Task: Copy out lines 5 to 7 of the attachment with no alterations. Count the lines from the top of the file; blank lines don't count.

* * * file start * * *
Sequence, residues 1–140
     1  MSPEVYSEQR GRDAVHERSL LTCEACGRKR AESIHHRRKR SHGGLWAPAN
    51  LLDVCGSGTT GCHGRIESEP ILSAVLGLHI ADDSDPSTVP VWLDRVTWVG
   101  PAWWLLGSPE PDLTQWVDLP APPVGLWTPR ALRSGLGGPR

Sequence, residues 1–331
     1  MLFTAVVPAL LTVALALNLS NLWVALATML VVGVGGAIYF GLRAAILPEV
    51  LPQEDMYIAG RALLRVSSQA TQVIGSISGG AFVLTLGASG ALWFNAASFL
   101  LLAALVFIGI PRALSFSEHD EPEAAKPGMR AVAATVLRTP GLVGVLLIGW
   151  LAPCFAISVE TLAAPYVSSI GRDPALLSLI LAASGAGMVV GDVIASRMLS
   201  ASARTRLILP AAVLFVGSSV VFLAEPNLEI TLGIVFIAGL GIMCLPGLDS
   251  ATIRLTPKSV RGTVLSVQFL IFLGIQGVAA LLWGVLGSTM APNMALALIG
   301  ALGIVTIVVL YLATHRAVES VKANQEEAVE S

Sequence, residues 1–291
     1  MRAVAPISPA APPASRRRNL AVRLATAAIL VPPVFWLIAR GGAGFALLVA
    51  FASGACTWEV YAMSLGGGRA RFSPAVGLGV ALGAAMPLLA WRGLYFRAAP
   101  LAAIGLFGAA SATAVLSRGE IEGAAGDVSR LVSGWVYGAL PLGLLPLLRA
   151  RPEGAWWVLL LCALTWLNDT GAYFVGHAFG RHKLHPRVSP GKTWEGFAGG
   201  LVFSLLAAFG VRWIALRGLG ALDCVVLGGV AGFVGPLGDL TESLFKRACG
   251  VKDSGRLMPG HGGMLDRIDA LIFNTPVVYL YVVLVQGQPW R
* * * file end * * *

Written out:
Sequence, residues 1–331
     1  MLFTAVVPAL LTVALALNLS NLWVALATML VVGVGGAIYF GLRAAILPEV
    51  LPQEDMYIAG RALLRVSSQA TQVIGSISGG AFVLTLGASG ALWFNAASFL